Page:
A look at Orthodox ascesis
The original subtitle to The Luddite's Guide to Technology was, "Fasting from technologies." I believe that Orthodox ascesis or spiritual disciplines (church attendance, fasting, sacraments, regular prayers, reading edifying books, silence, etc.) offers the best basis I know to be able to know how to set boundaries with technology that will be to our profit.
Fasting is not just one ascetical practice among others in regards to technology; we will have richer lives if we can fast to technology. However, here I would raise a question of whether another spiritual practice may have direct bearing on how we should handle technology: silence.
Being in silence, and not breaking silence, is important. But just as taking necessary medicine during the Eucharistic fast without breaking the fast, it is possible to speak without breaking silence. The saints' lives mention some figures who taught for hours to faithful in rapt attention, and did not break silence.
For one example of technology use, my father will normally watch a YouTube video of a mechanic performing a specific repair on XYZ make and model before he tries to perform such a repair on such a car. That is a use of screen time that does not break silence.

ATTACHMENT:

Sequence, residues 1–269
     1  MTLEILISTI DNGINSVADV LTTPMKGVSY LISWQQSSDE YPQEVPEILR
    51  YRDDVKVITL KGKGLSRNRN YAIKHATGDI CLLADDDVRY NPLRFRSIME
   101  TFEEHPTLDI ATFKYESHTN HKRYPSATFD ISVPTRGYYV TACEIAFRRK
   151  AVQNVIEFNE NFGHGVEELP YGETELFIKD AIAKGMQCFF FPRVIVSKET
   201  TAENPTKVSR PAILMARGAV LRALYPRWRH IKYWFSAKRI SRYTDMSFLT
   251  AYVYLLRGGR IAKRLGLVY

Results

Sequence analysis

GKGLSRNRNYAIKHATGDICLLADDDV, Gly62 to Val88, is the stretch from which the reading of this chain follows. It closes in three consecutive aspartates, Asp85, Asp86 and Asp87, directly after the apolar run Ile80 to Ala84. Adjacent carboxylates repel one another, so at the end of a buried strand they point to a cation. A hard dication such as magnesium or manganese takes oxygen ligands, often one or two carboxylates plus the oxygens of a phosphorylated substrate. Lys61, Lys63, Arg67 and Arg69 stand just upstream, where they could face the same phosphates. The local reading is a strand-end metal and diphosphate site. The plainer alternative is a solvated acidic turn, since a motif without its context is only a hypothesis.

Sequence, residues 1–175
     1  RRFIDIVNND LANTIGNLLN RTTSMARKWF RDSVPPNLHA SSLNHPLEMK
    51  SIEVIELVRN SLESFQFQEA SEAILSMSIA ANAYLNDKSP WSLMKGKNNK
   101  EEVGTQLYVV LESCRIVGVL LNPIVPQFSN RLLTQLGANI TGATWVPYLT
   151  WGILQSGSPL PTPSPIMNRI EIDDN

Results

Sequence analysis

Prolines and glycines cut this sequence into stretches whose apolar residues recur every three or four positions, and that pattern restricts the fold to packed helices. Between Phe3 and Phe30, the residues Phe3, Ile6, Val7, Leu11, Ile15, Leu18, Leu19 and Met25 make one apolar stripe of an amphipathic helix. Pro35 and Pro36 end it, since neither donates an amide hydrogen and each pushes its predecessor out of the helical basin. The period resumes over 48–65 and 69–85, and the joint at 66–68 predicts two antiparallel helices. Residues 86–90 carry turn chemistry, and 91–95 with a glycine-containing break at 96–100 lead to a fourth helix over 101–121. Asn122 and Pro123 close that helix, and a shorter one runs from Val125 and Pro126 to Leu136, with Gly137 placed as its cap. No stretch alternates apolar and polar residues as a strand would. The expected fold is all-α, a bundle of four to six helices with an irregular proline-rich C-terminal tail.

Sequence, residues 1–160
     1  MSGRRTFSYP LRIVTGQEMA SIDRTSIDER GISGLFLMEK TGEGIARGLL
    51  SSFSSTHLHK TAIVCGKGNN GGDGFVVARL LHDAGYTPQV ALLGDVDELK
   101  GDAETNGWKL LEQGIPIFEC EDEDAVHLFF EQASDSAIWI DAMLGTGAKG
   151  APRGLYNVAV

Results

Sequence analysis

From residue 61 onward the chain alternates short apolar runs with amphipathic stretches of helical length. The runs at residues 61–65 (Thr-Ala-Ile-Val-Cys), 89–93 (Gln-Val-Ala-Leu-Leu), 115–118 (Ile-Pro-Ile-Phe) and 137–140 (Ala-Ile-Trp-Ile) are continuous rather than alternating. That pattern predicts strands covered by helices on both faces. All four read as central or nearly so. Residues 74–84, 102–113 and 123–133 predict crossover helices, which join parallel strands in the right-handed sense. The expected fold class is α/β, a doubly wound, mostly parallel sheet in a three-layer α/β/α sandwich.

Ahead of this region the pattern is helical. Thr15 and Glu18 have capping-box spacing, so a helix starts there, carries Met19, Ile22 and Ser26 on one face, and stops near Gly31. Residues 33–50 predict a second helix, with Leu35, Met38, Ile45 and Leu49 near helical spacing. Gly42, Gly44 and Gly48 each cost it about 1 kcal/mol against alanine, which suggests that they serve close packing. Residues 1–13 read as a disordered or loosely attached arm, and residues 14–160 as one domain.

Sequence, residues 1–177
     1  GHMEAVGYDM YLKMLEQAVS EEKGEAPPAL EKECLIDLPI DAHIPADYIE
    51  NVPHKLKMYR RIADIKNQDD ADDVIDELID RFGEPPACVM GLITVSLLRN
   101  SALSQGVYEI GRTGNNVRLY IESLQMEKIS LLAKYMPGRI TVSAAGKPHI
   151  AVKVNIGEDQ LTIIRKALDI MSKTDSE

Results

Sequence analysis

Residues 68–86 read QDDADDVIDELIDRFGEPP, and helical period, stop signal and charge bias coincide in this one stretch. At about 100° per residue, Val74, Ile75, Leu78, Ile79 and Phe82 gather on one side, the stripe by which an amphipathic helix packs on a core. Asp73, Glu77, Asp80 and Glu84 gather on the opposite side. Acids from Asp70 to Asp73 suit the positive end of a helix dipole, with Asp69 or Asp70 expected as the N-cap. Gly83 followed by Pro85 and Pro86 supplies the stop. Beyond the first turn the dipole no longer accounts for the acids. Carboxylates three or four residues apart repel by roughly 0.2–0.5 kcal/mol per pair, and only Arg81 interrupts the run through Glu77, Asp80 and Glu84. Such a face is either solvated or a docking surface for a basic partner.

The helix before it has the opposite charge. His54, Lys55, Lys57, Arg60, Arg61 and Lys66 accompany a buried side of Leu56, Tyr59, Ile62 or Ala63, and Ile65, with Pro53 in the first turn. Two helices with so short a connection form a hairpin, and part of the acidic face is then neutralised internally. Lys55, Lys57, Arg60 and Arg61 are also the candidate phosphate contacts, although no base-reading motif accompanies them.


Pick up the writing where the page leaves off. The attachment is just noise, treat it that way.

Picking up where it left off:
For background perspective, it has been commented that most people feel better after spending an evening submitting a patch to an open source software project than after an evening of trawling clickbait. I don't believe this is specifically a phenomenon with technology. I would expect that a lawyer at a community center, for instance, feels awfully good after doing his best to defend the basic interests of a destitute pro bono client.
I have found in my own life that how enjoyable I find my computer depends almost directly on whether I'm using it to give, or using it to get. Now I might clarify that part of the discipline I adopted has been being very, very reserved about computer games; I have a four dimensional maze and the Roguelike game I cut my teeth on as a programmer. But most of my software projects are not games. I expect I could be about as addictive as I want about games, but without usually playing games, my computer is only really interesting to me when I use it to give something. And I recognize that my wanting to play a Narnian computer game early today was simply a temptation and a distraction; I loved reading The Chronicles of Narnia but I don't think I should be playing another computer game, not even one in Narnia. The point that I enjoy my computer more when I try to give something applies equally to open source software projects and writing, although the load has shifted from programming more towards writing as I age.